The Young and the Restless


Annika Sorenstam defends this week at the John Q. Hammons Hotel Classic. No question shes the best player on the LPGA.
Given the Solheim Cup theater we witnessed last week, Im still convinced shes the player to beat in any tournament she plays. But is she still the undisputed star of the ladies game?
Somehow Paula Creamers name has really become the hot button for LPGA discussion. She made the claim that the USA would win, and they did. She played a huge role in that win, including a 7 and 5 dusting of the great Laura Davies in the Sunday singles matches. (By the way, Creamer is paired with Davies off the 10th tee in Round 1.)
Paula Creamer
Rookie Paula Creamer has taken the LPGA by storm in 2005.
At age 19, Creamer might be too young to know what shes saying at times, but her youth might just be what allows her to back it up. No fear. Creamer might not yet be the best player on the LPGA, but you could make the argument that she is the top draw at this weeks event.
Now we see what Creamer can do with her new status as the It Girl. How many wins before years end. Perhaps the ADT Championship to cap off her rookie season? Creamer, in my mind, has a huge opportunity the rest of the year to set the tone for next years LPGA majors.
Annika began 2005 saying it was her goal to win all four major championships in one year. She fell short. Now, I have a question for you. Does she have a fighting chance to accomplish that goal with Creamer in the mix? You tell me.
Mark Calcavecchia won last weeks Bell Canadian Open. A hearty congrats to Calc for getting back into the winners circle after a four-year drought. Calcavecchia became the seventh 40-something to win this season on the PGA Tour. At 45 years of age, he also became the oldest to win the Bell Canadian Open.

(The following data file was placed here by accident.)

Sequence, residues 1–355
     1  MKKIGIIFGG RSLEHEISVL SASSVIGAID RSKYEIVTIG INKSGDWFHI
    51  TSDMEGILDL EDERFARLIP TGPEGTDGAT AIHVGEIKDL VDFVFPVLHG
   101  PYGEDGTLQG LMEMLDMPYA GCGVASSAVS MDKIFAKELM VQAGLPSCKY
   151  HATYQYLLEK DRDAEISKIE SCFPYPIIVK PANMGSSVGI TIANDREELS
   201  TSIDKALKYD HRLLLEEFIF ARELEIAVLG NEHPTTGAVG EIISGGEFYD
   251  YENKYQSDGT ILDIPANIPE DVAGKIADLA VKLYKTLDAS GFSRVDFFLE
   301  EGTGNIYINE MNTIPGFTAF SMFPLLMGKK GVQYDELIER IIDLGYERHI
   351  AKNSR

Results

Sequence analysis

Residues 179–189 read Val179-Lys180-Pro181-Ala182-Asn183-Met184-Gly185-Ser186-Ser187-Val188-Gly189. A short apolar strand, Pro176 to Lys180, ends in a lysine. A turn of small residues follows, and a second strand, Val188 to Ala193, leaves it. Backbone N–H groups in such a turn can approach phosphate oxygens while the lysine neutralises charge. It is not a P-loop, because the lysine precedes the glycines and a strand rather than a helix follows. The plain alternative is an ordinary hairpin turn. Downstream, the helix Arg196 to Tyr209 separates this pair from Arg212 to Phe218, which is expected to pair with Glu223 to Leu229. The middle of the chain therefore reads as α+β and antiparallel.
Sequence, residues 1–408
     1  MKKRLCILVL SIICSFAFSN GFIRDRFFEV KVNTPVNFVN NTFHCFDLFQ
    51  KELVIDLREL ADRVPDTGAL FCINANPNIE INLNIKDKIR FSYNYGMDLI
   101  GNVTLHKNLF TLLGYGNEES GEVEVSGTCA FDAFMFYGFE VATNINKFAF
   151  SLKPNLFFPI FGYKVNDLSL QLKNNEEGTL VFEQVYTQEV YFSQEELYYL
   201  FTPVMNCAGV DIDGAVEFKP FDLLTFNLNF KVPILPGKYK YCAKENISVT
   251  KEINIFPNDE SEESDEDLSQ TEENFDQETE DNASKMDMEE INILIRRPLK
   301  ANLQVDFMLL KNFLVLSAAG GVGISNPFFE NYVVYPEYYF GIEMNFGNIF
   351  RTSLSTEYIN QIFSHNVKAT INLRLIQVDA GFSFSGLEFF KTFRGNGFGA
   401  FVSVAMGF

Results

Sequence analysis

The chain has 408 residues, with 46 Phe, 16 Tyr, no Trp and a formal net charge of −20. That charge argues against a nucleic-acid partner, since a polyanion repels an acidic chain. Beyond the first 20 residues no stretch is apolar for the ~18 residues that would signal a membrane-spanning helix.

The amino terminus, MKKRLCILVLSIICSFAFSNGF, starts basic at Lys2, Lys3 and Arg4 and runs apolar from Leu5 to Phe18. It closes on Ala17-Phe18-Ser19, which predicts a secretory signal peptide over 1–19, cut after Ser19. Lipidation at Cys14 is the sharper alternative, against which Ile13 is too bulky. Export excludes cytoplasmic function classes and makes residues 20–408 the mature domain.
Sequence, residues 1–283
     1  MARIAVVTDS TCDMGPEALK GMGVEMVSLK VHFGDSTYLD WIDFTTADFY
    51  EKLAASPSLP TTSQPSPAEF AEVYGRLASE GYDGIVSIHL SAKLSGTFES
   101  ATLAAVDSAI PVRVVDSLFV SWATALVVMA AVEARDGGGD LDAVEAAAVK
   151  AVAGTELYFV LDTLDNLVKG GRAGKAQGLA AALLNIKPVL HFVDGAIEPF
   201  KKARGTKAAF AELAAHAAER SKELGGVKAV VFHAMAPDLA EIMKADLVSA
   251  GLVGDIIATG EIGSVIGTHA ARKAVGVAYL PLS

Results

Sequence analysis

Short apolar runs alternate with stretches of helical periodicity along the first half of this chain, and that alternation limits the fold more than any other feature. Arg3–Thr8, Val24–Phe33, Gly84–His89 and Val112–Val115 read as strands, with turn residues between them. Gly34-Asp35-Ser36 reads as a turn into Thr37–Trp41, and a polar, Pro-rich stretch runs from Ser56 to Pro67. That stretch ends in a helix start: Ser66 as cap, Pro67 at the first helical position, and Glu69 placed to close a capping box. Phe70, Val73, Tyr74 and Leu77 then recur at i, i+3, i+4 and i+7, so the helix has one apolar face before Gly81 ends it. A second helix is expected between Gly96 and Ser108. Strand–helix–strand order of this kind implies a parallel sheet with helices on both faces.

I talked with Mark early this season at the Bob Hope Chrysler Classic. He told me he actually doubted hed get the 12th PGA Tour title he coveted. Watching players like Tiger and Vijay and Ernie and Phil, Calc thought he had to be too perfect to piece together a victory run. True, Tiger and Ernie and Phil were not in the field at Vancouver, but Calcavecchia found the winning formula on a tough course when many ' perhaps Calc himself included ' thought it might have been a tall order.
Mark finds his way to Kapalua once again. And I think thats great. I dont really care whos in the field. To win is to win. And to me, a Mark Calcavecchia win is a good thing for the PGA Tour. A likeable guy, a man with a major, a man with Ryder Cup and Presidents Cup experience deserves a pat on the back from golf fans.
But I ask you. is it good enough to garner your respect if the biggest names werent challenging him down the stretch? Calc was a restless player closer to the Champions Tour than to his form of old. Would you have rather seen him limp towards 50 or rebound to make his name commonplace once again?
Mark O Meara held a share of the lead after Day 1 at the 84 Lumber Classic. How do you feel about OMeara? Another man approaching the Champions Tour, Mark is 48 years old and deserving of respect for a career that included two majors in one year (1998) after he turned 40 years old.
How good would it be if OMeara were to catch lightning in the bottle this week and make it two straight 40-somethings holding trophies?
Sure, OMeara isnt the consistent force that he might have been a few years ago. But I think a win would be great for the PGA Tour. Proof yet again that these guys are good no matter what the birth certificate tells us.
Age is nothing more than a number. Doing it well at 19 ' some would say ' is just as improbable as doing it well at 45 or 48.
But isnt that the beauty of golf? Isnt that the intrigue of the professional game? Isnt a story or two like this great for headlines and copy when there are no majors left and there isnt always a Tiger, Phil or Ernie in the mix?

You tell me.
Email your thoughts to Kraig Kann